Pallungh, _palang_, a kind of bed
Paper, written, objection to burning;
made of bamboo
Pataan, one of the Pathan tribe
Pawn, _pan_, betel leaf;
not used during the Muharram festival
Pawndawn, _pandan,_ a box to hold betel leaf
Peach, the
Pedigrees of Sayyids carefully kept
Peer, _pir_, a Musalman saint or holy man
Pellet bow, use of the
Pepul, _pipal_, the sacred fig tree, _Ficus religiosa_
Pickles, use of, and sale
Pigeon flying;
Pilgrims, regulations for;
cloak worn by
Pillau, _pilau_, meat or fowl boiled with rice and spices
Pineapple, the;
Plague, an outbreak of
Poison detected by means of dishes
among Indian kings
Pomegranate, the
Prayer, the call to;
'opening of difficulties';
times of, how announced
Prickly heat
Printing, not practised in Lucknow
Prisoners released to effect a cure of the sick or as a thank-offering
Punkah, _pankah_, a kind of fan;
punkah wala, _punkah wala_, a fan-seller
Pappayah, _papaiya_, the papaw tree, _Carica Papaya_
Purdah, _pardah_, a screen to conceal ladies
Purrh, _pahar_, a watch, a measure of time
Pyjaamah, _paejama_, drawers;
stuff used in making

Quail fighting
Quicksilver, use of in medicine

Racaab puttie, _rikab patthari_, a stone plate
Rain magic
Rainy season, the
Rajpoots, Rajputs, infanticide among
Ravenscroft, G., murder of
Red, the Sunni colour;
of Husain
Reetah, _ritha_ the soapnut, use of in medicine
Resident at Lucknow, the
Resurrection, doctrine of the
Ricketts, Mordaunt, Resident at Lucknow
Right hand used in eating
River, course of changed by a saint
Romall, _rumal_, a handkerchief
Rooey, _rohu_ the carp fish
smelling of, causes colds and sneezing;
rose water;
syrup, seeds, oil, uses of
Roshunie, _roshanai_, ink
Rozedhaar, _rozadar_, one who keeps a fast
Rumzaun, Ramazan, Ramzan, the festival
Rutt, _rath_, a bullock carriage
Ruzzie, _razai_ a quilt
Ryott, _ra'iyat_ a subject, a cultivator

Saabeel, _sabil_,
the place where sherbet is distributed at the Muharram festival
Saadie, Shaikh S'adi, the Persian poet
Saag, _sag,_ herbs of various kinds used in cooking
Saalik, _salik_, a devotee, a kind of Sufi
Saatarah, _sitara_, a guitar
Sabbath, the, among Musalmans
Sacrifice of animals at the Bakrah 'Id festival
Safdar Jang, Nawab of Oudh, tomb of
Sahbaund, Sawan, the fourth Hindu month
Sahib Logue, Sahib Log, Europeans
Saints' tombs at Kanauj
Sainturh, _sentha_ the grass _Saccharum ciliare_;
Sakeena Koobraah, Sakina Kibriya, daughter of Husain
Salaam-oon-ali khoon, _salam 'alai-kum_, 'Peace be with thee'
Sallon, _salan_, a curry of meat, fish, or vegetables
Sampwalla, _sampwala_, a snake-charmer
Sarchuk, _saachaq_, fruits, &c., carried in procession at a marriage
Saulgirrah, _salgirah_, the knot tied to mark a birthday
Scales, the, doctrine of
Scapegoat, released in times of sickness
Scorpio, moon of, inauspicious
Scorpions, mode of repelling
Seclusion of womem, origin of the custom
Secundah, _sarkanda_,
roots of the grass _Saccharum ciliare_, used for mats and screens;
Secungebeen, _sikanjabin_, oxymel, vinegar
Seepie wallah deelie sukha,
_sipi wala gila sukha_, moist or dry cuppers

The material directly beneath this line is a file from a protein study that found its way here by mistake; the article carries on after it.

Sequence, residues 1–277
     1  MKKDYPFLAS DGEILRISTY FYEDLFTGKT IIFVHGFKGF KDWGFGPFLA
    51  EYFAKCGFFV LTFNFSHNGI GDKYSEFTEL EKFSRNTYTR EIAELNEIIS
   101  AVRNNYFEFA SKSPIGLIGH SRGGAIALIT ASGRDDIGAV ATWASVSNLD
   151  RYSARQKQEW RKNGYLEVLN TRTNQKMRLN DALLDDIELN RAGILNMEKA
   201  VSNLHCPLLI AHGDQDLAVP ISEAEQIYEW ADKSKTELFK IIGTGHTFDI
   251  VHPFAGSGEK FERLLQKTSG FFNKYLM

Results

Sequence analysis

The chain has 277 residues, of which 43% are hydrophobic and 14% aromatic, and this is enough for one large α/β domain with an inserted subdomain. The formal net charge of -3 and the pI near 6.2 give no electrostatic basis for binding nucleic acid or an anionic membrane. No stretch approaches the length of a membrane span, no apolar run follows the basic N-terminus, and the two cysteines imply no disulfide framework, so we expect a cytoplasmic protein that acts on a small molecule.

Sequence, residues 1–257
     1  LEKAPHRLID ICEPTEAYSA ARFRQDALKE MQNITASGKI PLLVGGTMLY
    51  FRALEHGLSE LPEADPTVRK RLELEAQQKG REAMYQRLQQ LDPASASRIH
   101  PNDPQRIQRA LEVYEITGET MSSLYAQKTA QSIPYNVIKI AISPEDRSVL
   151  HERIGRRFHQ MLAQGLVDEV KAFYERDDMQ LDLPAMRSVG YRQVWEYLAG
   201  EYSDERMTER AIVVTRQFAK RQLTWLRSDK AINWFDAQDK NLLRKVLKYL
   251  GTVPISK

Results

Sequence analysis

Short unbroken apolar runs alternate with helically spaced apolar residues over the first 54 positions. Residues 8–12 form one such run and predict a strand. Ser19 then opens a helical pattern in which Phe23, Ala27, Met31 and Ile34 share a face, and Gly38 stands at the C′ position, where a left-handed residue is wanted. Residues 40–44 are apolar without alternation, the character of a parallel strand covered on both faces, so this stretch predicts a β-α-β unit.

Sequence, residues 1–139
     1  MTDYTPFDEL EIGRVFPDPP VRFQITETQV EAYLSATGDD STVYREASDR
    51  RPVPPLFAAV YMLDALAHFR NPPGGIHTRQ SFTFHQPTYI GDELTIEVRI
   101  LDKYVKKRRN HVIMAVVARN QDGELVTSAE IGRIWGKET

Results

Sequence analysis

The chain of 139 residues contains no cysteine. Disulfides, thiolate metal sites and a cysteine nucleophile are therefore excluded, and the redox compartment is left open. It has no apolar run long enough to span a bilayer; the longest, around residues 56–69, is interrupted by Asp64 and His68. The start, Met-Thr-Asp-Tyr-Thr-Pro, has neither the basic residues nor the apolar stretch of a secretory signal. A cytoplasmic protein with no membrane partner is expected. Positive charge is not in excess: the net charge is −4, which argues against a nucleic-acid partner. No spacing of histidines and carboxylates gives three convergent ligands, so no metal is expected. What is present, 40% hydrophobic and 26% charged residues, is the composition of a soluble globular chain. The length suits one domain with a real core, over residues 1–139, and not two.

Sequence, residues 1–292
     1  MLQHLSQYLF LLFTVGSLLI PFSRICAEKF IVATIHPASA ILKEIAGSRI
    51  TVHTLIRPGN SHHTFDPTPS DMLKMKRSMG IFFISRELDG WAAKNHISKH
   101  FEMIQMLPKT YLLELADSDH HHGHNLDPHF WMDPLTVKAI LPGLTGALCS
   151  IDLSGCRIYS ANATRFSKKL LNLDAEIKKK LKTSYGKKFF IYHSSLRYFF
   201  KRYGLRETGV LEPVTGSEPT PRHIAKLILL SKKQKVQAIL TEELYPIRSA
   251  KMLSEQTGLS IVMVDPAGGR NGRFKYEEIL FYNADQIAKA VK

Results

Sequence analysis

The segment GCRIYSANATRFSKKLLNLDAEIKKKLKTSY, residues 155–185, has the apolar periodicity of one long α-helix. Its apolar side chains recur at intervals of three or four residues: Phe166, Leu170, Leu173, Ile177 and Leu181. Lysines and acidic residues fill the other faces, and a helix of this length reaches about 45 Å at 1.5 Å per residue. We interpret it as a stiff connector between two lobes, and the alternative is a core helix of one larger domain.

Seer, _scr_, a weight of about two pounds
Serai, _sarai_, a native inn
Seur, _suar_ a hog, a term of abuse
Seven, a lucky number
Shaah Jhee, Shahji, a beggar
Shaah Nudghiff, Shah Najaf, a shrine at Lucknow
Shaah ood Dowlah, Shah-ud-daula, a darvesh
Shah Allum, Shah 'Alam II, King of Delhi, his grave
Shah Allumgeer, Shah 'Alamgir, the Emperor Aurangzeb
Shah Jahan, the Moghul Emperor
Shahnama, the poem by Firdausi
Shah Nizaam ood deen, Shaikh Nizam ud-din Auliya, the saint
Shah Sherif ood deen Mahmood,
Shah Sharif ud-din Mahmud, a darvesh
Shaving, discontinued during mourning
Shawm, Sham, Syria
Shawmie, Shami, a native of Syria
Sheah, Shiah, the Musalman sect;
quarrels with Sunnis at the Muharram;
their numbers compared with those of Sunnis;
the creed of
Sheah-maul, _shirmal_, a kind of bread; see SHEERMAUL
Sheekaree, _shikari_, a huntsman
Sheermaul, _shirmal_, a kind of bread; see SHEAH-MAUL
Sheikh Mahumud, Shaikh Muhammad
Sherbet, _sharbat_, a drink, how made;
distributed at the Muharram festival;
payment for at marriages
SHERREFAH, SHERREEFHA, _sharifah_, the custard apple
Sheruff, Sharif, the governor of Mecca
Shimeear, Shimar, the chief agent in the murder of Husain
Shiraaz, Shiraz, a city in Persia
Shoes removed in sacred places and in houses;
varieties of
Shooghur Allah, see SHUGGUR ALLAH
Shopkeepers, mode of doing business
Shroff, _sarraf_, a moneychanger
Shroud, the burial
Shubh-burraat, _Shab-i-bara'at_, the night of record, a festival
Shubnum, _shabnam_, 'dew', a kind of fine cloth
Shuggur Allah, _shukr Allah_,
'Praise be to God!'; see SHOOGHUR ALLAH
Shujah ood Dowlah, Shuja ud-daula, Nawab of Oudh
Shutteringhie, _shatranji_, a striped floor-cloth
Sickley ghur, _saikalgar_, a polisher of arms
Sickness, attributed to spirits
Sikhs, the;
campaign against
Silk, wearing of
Sin, repentance of
Singing women
Siraat, _sirat_, the bridge over which the soul passes
Sirrakee, _sirki_, the reed _Saccharum
ciliare_, used for mats, &c
Sita ki Rasoi, a building at Kanauj
Slaves, domestic, condition of;
female in the zenanah;
liberated by or on the death of the owner;
property of reverting to the master
Snake charmers, deception practised by